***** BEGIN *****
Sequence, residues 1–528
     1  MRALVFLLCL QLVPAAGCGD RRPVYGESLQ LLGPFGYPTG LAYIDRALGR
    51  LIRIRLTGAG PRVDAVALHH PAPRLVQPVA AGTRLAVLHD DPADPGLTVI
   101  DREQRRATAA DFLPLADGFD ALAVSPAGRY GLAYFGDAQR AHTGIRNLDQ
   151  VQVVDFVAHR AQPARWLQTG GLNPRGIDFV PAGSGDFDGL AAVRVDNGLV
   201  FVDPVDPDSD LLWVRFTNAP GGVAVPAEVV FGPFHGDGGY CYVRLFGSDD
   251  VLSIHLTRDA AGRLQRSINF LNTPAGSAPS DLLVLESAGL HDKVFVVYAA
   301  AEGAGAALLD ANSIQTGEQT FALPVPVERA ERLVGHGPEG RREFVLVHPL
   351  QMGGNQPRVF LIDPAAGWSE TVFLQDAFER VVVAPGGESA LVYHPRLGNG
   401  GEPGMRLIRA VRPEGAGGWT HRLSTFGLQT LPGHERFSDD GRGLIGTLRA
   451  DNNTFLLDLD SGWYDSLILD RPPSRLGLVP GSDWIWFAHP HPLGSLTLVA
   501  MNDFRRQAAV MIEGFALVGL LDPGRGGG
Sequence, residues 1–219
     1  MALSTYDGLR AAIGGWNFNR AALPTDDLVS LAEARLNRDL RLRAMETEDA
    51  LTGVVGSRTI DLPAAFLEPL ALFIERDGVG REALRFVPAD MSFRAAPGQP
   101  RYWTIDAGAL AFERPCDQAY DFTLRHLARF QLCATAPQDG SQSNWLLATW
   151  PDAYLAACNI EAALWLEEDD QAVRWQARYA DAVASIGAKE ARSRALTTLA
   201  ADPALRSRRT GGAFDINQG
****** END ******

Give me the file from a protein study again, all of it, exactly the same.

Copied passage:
Sequence, residues 1–528
     1  MRALVFLLCL QLVPAAGCGD RRPVYGESLQ LLGPFGYPTG LAYIDRALGR
    51  LIRIRLTGAG PRVDAVALHH PAPRLVQPVA AGTRLAVLHD DPADPGLTVI
   101  DREQRRATAA DFLPLADGFD ALAVSPAGRY GLAYFGDAQR AHTGIRNLDQ
   151  VQVVDFVAHR AQPARWLQTG GLNPRGIDFV PAGSGDFDGL AAVRVDNGLV
   201  FVDPVDPDSD LLWVRFTNAP GGVAVPAEVV FGPFHGDGGY CYVRLFGSDD
   251  VLSIHLTRDA AGRLQRSINF LNTPAGSAPS DLLVLESAGL HDKVFVVYAA
   301  AEGAGAALLD ANSIQTGEQT FALPVPVERA ERLVGHGPEG RREFVLVHPL
   351  QMGGNQPRVF LIDPAAGWSE TVFLQDAFER VVVAPGGESA LVYHPRLGNG
   401  GEPGMRLIRA VRPEGAGGWT HRLSTFGLQT LPGHERFSDD GRGLIGTLRA
   451  DNNTFLLDLD SGWYDSLILD RPPSRLGLVP GSDWIWFAHP HPLGSLTLVA
   501  MNDFRRQAAV MIEGFALVGL LDPGRGGG
Sequence, residues 1–219
     1  MALSTYDGLR AAIGGWNFNR AALPTDDLVS LAEARLNRDL RLRAMETEDA
    51  LTGVVGSRTI DLPAAFLEPL ALFIERDGVG REALRFVPAD MSFRAAPGQP
   101  RYWTIDAGAL AFERPCDQAY DFTLRHLARF QLCATAPQDG SQSNWLLATW
   151  PDAYLAACNI EAALWLEEDD QAVRWQARYA DAVASIGAKE ARSRALTTLA
   201  ADPALRSRRT GGAFDINQG